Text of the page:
We eat contrary to what is considered ‘healthy’. It has been fashionable for 50 years to think that eating fat makes you fat, saturated fat causes heart disease, and low-calorie, low fat ‘balanced’ diets with plenty of exercise is the only healthy way to lose weight. There are so many things wrong with this notion I don’t know where to begin. I’m not going to get all ‘sciency’ here – there are many people much smarter than I who explain the science much better and with far more wit than I – but instead I want to address the psychological aspects.

Despite the fact that, if we are making smart low carb food choices and our personal makeup responds to a low carb diet, better health CAN be achieved through low carb for many people. But when you eat that steak covered in melted bleu cheese while your dinner companion chooses some tarted-up item from the ‘diet’ menu, something seems so wrong. You create a cognitive dissonance in your dinner companion that usually gets explained away by them as: you are out of your mind. How else could they enjoy their diet meal without taking this position? If they are committed to a low calorie ‘balanced’ diet, you *have* to be crazy to think that low carb works. If you’ve proven low carb works by losing weight, then they have to then believe that you are endangering your health.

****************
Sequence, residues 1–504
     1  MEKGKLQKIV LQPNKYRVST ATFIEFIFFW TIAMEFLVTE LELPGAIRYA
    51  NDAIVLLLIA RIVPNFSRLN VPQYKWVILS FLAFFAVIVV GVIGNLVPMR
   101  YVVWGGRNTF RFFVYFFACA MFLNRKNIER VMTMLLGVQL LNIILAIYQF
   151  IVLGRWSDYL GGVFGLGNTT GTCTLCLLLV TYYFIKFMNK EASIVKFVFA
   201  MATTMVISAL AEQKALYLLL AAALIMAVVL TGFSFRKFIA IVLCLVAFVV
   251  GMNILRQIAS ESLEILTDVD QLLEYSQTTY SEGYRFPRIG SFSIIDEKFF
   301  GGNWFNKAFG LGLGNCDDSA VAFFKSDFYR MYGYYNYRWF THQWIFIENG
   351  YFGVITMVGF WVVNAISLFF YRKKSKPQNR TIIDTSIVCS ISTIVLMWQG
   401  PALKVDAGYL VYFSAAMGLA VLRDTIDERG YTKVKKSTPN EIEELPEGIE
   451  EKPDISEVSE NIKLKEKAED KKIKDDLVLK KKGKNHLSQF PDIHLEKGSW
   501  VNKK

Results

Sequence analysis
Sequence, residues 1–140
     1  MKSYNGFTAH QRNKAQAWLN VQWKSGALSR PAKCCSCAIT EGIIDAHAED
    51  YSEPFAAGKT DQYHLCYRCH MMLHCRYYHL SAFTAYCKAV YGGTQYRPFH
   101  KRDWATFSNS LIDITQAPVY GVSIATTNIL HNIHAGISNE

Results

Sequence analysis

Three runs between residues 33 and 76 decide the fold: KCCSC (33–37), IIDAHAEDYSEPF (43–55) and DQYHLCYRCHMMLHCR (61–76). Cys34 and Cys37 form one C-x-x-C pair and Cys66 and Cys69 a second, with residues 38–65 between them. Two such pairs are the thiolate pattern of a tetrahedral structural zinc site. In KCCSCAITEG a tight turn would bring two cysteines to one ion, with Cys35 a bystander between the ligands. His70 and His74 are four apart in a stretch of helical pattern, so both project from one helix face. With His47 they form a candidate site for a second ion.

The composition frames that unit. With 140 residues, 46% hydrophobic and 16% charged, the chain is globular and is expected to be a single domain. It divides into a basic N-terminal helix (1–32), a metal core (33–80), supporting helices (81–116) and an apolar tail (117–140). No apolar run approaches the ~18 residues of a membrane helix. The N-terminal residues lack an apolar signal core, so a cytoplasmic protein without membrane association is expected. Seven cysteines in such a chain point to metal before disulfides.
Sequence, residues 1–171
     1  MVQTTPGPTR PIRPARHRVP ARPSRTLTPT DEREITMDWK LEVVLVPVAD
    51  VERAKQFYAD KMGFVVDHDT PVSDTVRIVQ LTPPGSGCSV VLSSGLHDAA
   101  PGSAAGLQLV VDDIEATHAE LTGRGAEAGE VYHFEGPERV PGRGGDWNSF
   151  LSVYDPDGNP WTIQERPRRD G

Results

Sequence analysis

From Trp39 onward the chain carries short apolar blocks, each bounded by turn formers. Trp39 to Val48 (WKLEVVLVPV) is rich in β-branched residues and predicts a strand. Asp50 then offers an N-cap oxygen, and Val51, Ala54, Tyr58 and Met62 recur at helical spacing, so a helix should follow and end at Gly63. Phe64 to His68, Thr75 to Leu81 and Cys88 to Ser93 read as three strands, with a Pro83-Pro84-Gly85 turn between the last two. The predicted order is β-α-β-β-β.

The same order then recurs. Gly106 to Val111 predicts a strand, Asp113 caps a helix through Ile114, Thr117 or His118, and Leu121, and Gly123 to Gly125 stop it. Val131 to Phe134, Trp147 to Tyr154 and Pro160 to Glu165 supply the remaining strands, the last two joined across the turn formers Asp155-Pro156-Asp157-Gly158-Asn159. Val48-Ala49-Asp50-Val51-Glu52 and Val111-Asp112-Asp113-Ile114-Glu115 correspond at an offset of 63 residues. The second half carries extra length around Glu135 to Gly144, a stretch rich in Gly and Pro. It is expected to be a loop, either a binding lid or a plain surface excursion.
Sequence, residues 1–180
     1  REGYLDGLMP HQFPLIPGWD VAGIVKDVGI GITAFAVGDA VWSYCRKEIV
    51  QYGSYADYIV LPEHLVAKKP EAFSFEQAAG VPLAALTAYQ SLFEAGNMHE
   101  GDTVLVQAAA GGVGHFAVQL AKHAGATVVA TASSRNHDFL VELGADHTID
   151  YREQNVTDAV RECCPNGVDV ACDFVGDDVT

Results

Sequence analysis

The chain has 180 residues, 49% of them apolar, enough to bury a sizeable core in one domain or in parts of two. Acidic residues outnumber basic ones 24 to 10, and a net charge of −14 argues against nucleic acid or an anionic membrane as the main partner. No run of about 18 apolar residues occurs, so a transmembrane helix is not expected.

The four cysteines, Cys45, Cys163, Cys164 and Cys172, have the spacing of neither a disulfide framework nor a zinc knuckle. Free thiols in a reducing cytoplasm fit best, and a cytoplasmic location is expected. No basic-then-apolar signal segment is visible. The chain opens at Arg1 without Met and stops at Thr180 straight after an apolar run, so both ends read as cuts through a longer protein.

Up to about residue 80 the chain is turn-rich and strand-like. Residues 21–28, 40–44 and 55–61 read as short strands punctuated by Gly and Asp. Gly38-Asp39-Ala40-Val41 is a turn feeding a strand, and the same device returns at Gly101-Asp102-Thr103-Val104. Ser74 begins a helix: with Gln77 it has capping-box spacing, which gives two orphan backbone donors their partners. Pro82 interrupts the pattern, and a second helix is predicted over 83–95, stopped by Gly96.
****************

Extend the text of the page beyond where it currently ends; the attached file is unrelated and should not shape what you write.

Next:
We crave self-validation, and low carb diets don’t validate low calorie diets – we are able to eat things low-calorie dieters can only dream of, in portions sizes they can’t come near. We are the fly in their soup, so to speak, and they must come up with some personal narrative to explain their own adherence to a low-calorie diet.

The result ranges from bemused tolerance for our delusion to overt attack.

The skinny on this is: low carb works for some people. I find it pretty neat myself, having lost weight twice on low calorie diets but finding them unsustainable as I was hungry all the time.

I’ll take the social stigma to live a life eating what I enjoy.

3 thoughts on “Why Do So Many People Look Down on Low Carb Diets?

  1. I’ve stopped talking about it. No one understands. Well, you do. Which is why I am always waiting for a new post from you!!!!!

  2. Yep, when people ask me how I am losing weight and how I lost what I’ve already lost, I always hesitate for an answer. Low carb just makes their eyes glaze over. I usually just end up pseudo lying saying I cut out the junk. It’s not a lie, cause I have cut out the junk for the most part, but it’s not the whole truth.

    You didn’t say how you are doing these days? Inquiring minds want to know 🙂

    1. I’m 207 at the moment I write this. Still doing low carb part-time, still ending up eating junk in the evening. I have a business trip I’m not looking forward to (hate to travel, introvert, tight schedule, etc.) and the prospect is stressing me out.

      I think it will be a good experience and part of me is looking forward to it – but it’s still weighing on me.

      For me, sometimes, low carb is like a surfer’s ‘catching a wave’: the wave has to come – and you need to be ready for it.

      I haven’t been ready. Hopefully soon.